I find that many times my images just look like everyone elses and I really want an image to reflect something slightly different without being over processed or unrecognizable. I struggle with this concept a lot. So this week I have been thinking about what I really like and it is not always what I am seeing. The image above reflects that very sentiment. The image is of the water from one of the boat docks at the Hilton Waikoloa Village but the sky is not the actual color and the highlights were accentuated by using plug-ins. (In Photoshop Topaz Adjust plug-in was used with the Lomo II preset as a starting point, then turned off the Grain setting, readjusted the Vignette by centering off center and adjusting the sliders, and added a little more Warmth. Next Topaz Simplify 3 was added using BuzSim but changed the Simplify Size to 0.05 to make paint strokes very thin, Details Boost to 0.79, Details to 0.13, and then adjusted Saturation to 1.38. See sidebar in my Tidbits blog for Topaz website link.)
The view of the Waikoloa Beach Marriott Beach Resort and Spa is a similar example. This image definitely has a real blue tone to it even though the original is not nearly as striking. The final result is how I would like to remember this place. (This image was processed using OnOne Software’s Perfect Effects 3 plug-in – Detail-Amazing Detail filter applied first; next a custom Black and White Effect was created with Color Filter set to 0, Contrast -52, and Toner Strength 22 – then a Masking Bug was applied and inverted so the middle of the image was not affected by the blue tone; and the last step added a Vignette – Big Softy to the image. For OnOne’s website link, see my Tidbits Blog.)
This is a beautiful Roseate Spoonbill taken at the St. Augustine Alligator Farm Zoological Park in Florida. The bird was not shot with a reflection – that was added with Flaming Pear’s Flood plug-in. I really like the image with the reflection much better than the original – it gives that unique feel that I was looking for. (The canvas was extended at the bottom of the image to make room for the reflection. Even though Flood is an older plug-in, it is still the best one for a good reflection with many different sliders to control the effect you want. See my blog “The Flood Look” for more information on this plug-in. The frame is from OnOne PhotoFrame called Instant Film B Warm R2.)
A few week ago I did a blog called “Using Color Efex Pro and Texture for a Warm Hawaiian Landscape Effect” that also creates a very unique look to the images and they make me think of Hawaii when I see them. I believe this is what I am trying to convey in this blog.
I do love the classic images I take from my trips, but the ones I really like are the ones I make my own. The various plug-ins can make those ordinary images unique and if that is a look you want, give them a try. There are so many out there and it has surprised me how varied and unique a look you can get with a little experimenting. And that is why Photoshop rocks!…..Digital Lady Syd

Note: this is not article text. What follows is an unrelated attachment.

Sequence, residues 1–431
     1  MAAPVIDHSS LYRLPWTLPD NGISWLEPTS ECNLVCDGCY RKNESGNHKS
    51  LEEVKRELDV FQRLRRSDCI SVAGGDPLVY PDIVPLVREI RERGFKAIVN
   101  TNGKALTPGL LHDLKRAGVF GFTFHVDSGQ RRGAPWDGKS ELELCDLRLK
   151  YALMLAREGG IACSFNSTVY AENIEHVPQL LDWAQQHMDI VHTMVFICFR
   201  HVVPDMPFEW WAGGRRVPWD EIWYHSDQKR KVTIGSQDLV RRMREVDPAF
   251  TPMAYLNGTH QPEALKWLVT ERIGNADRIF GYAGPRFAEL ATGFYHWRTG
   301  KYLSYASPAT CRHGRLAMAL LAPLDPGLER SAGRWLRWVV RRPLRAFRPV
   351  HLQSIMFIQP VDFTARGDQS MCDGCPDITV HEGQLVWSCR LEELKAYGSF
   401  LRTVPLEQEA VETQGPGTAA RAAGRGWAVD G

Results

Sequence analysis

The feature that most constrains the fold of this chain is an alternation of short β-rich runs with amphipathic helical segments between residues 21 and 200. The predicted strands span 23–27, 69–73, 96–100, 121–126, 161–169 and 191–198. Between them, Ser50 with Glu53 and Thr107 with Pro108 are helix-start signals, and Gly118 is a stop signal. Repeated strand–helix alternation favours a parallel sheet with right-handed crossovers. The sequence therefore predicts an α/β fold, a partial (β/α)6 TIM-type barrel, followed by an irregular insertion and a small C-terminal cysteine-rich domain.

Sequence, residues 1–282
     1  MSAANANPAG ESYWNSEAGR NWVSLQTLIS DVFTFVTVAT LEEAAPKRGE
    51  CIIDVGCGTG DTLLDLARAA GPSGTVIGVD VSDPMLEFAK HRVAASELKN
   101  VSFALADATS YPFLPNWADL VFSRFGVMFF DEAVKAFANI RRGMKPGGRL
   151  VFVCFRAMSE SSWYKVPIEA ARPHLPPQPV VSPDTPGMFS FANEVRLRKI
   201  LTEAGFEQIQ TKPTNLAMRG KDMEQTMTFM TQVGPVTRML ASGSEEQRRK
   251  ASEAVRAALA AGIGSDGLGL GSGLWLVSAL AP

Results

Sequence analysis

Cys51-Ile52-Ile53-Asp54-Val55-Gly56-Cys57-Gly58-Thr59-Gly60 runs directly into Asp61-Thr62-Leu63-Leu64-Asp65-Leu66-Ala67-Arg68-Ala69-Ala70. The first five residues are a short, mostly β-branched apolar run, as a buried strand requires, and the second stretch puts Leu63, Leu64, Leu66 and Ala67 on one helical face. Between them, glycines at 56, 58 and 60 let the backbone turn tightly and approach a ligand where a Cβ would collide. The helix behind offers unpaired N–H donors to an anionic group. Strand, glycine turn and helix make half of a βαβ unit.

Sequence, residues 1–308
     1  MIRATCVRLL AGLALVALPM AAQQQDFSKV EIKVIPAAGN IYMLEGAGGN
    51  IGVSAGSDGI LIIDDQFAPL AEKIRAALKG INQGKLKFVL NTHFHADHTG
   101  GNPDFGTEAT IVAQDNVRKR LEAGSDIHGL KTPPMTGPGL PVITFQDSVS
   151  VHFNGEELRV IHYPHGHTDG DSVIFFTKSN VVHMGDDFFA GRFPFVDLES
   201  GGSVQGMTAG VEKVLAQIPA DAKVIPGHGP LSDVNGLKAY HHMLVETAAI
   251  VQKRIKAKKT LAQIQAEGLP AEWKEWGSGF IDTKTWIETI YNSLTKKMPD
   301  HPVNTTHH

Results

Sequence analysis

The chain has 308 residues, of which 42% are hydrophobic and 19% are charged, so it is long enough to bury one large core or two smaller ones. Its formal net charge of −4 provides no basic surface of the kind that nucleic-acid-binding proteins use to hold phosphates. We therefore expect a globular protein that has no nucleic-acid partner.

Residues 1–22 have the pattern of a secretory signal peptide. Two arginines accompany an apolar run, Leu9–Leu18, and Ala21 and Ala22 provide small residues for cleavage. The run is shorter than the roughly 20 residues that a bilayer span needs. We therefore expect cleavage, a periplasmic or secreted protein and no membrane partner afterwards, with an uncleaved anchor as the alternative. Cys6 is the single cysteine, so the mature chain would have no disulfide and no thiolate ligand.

If you don’t watch the wonderful webinars and training videos that all the major plug-in makers are offering, you are really missing out on some great tips for using their software. Recently Nik released a really great video titled “Mastering Macro Images with Nik Software and Photoshop Elements, presented by Mike Moats” and is located at Nik Software On Demand Center. Mike Moats (he has a really interesting blog) shows how he changes up the workflow from what one might normally do with the Nik products. He first applies Nik’s Color Efex Pro 4 (CEP4) and then Nik’s Viveza. He is never quite sure what the CEP4 filters will do to an image. Since the Viveza plug-in adjusts the color and light of an image, it does make sense to apply it after adding CEP4 filter changes. Note: All my CEP4 settings for images are listed at the end of the blog.
I bought the Viveza plug-in when it first came out and everyone was singing its praises. I must confess that after getting Lightroom, I hardly used this plug-in. Now I think I was crazy not too! This video refreshed my memory on why this is the great little plug-in that everyone was raving about. The reason this image pops is that Viveza is able to pin-point small or large areas on the image and adjust it individually – adding in a bit of detail, or toning down a certain color. He teaches you how to set the Control Points that Nik is famous for to get exactly the results you want. In this case, both the saturation and structure control point sliders were individually adjusted on the butterfly and flowers without affecting the background. This is very similar to Lightroom or Adobe Camera Raw’s adjustment brushes, but with much better control and more variables available. It absolutely made a huge difference to all of the images in this blog. See the comparison below showing the layer with Vizeva filter turned off and then on. Seven control points were set to get this effect and no Global Adjustments were made. Both plug-ins can be applied to the same Smart Object layer and all image control points are saved for each plug-in on this layer so you can go back and adjust a slider if you do not like the results. The final processing involved cloning out some of the brown spots on the leaves and sharpening the body and wing lines of the butterfly.